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Sarah Maria Griffin: My Favourite …

Sarah Maria Griffin reveals her romance with the National Library in Dublin City and the LexIcon in Dún Laoghaire

I’d known it was there for years before I really fell in love with it, and isn’t that how any truly great romance starts? I’d hopped in and out on afternoons when I needed silence. I had a membership card with my photograph that made me feel like a secret-society member. It was just there, a silent haven tucked away in a corner of the city—in plain sight but almost untouched. Those first few afternoons spent there in 2015 when I’d just moved home from America would act as a prelude to what the space would come, in time, to mean to me. Big desk, green lamp, the dome above me a robin’s egg and forest-green scale of colour. An old, old place and me very small in it.

I injured my back in 2017, badly. I still haven’t found a way to write about it, but all of this goes to say that I didn’t leave the house a lot that year. When I wrote, I wrote horizontally, or wrapped around my house desk, contorting myself to try and unknot my discomfort. The book I was writing at the time is not a comfortable book, and the silence of working from home and roar/thrum of a ruptured disc is present in that story. But when the time came that I could leave again, when moving outside wasn’t a battle, I was drawn back there.

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Elizabeth Gilbert says that, as an artist, to truly make the work, you have to show up for the work—at the desk, like you would if you worked any other job. It was showing up to those desks under that dome every day that made me feel like I had a job—a vocation. It made my life less quiet, less lonely: after a few weeks the security staff and the girls in the café would chat to me when I rose and left the huge, silent hall to stretch my body out. I felt like part of the furniture there.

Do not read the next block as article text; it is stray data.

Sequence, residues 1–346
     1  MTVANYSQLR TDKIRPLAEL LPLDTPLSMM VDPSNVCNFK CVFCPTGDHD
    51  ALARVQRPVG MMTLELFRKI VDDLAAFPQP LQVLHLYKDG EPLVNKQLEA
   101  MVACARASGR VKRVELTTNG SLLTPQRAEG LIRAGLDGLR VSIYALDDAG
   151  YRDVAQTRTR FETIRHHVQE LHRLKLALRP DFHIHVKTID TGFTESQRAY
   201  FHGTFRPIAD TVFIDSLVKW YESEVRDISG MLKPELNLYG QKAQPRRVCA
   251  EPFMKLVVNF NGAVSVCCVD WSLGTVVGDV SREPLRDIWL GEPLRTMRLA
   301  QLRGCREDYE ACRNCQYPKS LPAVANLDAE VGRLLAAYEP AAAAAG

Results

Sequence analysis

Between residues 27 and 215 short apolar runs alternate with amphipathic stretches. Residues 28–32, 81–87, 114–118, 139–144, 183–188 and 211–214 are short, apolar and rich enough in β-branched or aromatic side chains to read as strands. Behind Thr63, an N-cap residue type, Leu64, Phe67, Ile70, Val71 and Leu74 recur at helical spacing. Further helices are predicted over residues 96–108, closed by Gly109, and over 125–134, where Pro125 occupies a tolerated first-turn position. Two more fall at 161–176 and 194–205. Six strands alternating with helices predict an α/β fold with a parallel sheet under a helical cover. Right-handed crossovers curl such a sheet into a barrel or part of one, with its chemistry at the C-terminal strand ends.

The enormous reading room, crowned by that dome, has so many desks—but only about twenty or so ever feel occupied. There is a sense of privacy, as well as a sense of busyness, that libraries can give. There are people around, sure, but they are all in their own worlds. They are all reading, or studying, or inventing.

Their energy is palpable—like being plugged into a good ecosystem. The desks and chairs, though old, are strangely ergonomic—and what a funny compliment that is to give to such an ancient, beautiful building— and I could sit there for a day and never feel that bad click or pull or shift in my spine. It is a kind environment. A healing place. I snapped photographs of myself surrounded by beautiful, complicated tiles in the bathroom every day that I went to work there, as proof to myself.

You managed to leave the house today, your body is coming back. You wrote fresh words today. This is your job. Your hair looked nice. I posted them online, little love notes to the library. I was there in that space, today. This is who I was, then.

This summer, I was placed as writer-in-residence in the dlr LexIcon, a contemporary answer to the majesty of the National Library. Where the National is hallowed, ancient halls, the dlr LexIcon is endless windows that face the ocean, a buzz of community and ceilings that reach high and speak back to movement with light. I have my own office there, with a closed door and windows that look out on the sea. I have watched it change from summery blueness to white foamstriped wintery storm. I will have twelve months there, having spent so many hours there that the security staff are occasionally suspicious of me, a ghost on the CCTV who moves around too close to midnight, lighting up the enormous halls when she is just trying to go for a cup of tea. When I say that beneath these windows and by this ocean I have produced the happiest work of my life so far, I am telling the truth. The space feeds the words as well as the body, the heart.

And again, like a romance, I know my time at dlr LexIcon will close in the summer—but I know the National Library with its stained-glass windows and regal stairways will be there waiting for me afterwards, not having missed me too much. What is one woman with a pen in the context of a place like that? I’ll slip back into my desk there come summer when the next writer-in-residence takes up in Dún Laoghaire and keep working. One word after another.

Sarah Maria Griffin‘s first novel, Spare and Found Parts, was published by Titan Books in Spring 2018 and was shortlisted for the Irish Book Awards that year. Her second, Other Words For Smoke, was published in April 2019. She is a columnist at the Irish Times, and her nonfiction has appeared in Winter Papers and The Stinging Fly. She tweets @griffski. 

First published in Books Ireland January/February 2019

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